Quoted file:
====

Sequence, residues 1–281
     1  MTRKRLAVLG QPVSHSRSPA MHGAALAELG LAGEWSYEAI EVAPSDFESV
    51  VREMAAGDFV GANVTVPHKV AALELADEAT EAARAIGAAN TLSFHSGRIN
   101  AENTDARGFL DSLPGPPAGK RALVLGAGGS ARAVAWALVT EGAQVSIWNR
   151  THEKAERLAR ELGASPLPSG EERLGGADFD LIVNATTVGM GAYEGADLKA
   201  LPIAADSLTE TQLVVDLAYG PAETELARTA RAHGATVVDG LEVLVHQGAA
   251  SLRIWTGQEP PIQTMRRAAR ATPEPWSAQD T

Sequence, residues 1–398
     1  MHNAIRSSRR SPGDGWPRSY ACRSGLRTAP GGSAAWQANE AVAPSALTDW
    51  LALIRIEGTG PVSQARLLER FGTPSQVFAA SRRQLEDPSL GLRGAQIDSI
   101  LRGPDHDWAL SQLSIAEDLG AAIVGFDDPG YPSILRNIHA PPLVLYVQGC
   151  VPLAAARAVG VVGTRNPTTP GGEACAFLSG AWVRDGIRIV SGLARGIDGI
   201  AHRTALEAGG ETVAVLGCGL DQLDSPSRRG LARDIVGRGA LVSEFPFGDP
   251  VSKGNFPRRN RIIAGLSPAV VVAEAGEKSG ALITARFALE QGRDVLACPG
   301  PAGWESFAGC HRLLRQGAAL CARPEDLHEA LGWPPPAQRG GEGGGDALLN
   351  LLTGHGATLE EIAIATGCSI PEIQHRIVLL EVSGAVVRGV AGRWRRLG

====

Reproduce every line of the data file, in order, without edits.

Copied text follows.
Sequence, residues 1–281
     1  MTRKRLAVLG QPVSHSRSPA MHGAALAELG LAGEWSYEAI EVAPSDFESV
    51  VREMAAGDFV GANVTVPHKV AALELADEAT EAARAIGAAN TLSFHSGRIN
   101  AENTDARGFL DSLPGPPAGK RALVLGAGGS ARAVAWALVT EGAQVSIWNR
   151  THEKAERLAR ELGASPLPSG EERLGGADFD LIVNATTVGM GAYEGADLKA
   201  LPIAADSLTE TQLVVDLAYG PAETELARTA RAHGATVVDG LEVLVHQGAA
   251  SLRIWTGQEP PIQTMRRAAR ATPEPWSAQD T

Sequence, residues 1–398
     1  MHNAIRSSRR SPGDGWPRSY ACRSGLRTAP GGSAAWQANE AVAPSALTDW
    51  LALIRIEGTG PVSQARLLER FGTPSQVFAA SRRQLEDPSL GLRGAQIDSI
   101  LRGPDHDWAL SQLSIAEDLG AAIVGFDDPG YPSILRNIHA PPLVLYVQGC
   151  VPLAAARAVG VVGTRNPTTP GGEACAFLSG AWVRDGIRIV SGLARGIDGI
   201  AHRTALEAGG ETVAVLGCGL DQLDSPSRRG LARDIVGRGA LVSEFPFGDP
   251  VSKGNFPRRN RIIAGLSPAV VVAEAGEKSG ALITARFALE QGRDVLACPG
   301  PAGWESFAGC HRLLRQGAAL CARPEDLHEA LGWPPPAQRG GEGGGDALLN
   351  LLTGHGATLE EIAIATGCSI PEIQHRIVLL EVSGAVVRGV AGRWRRLG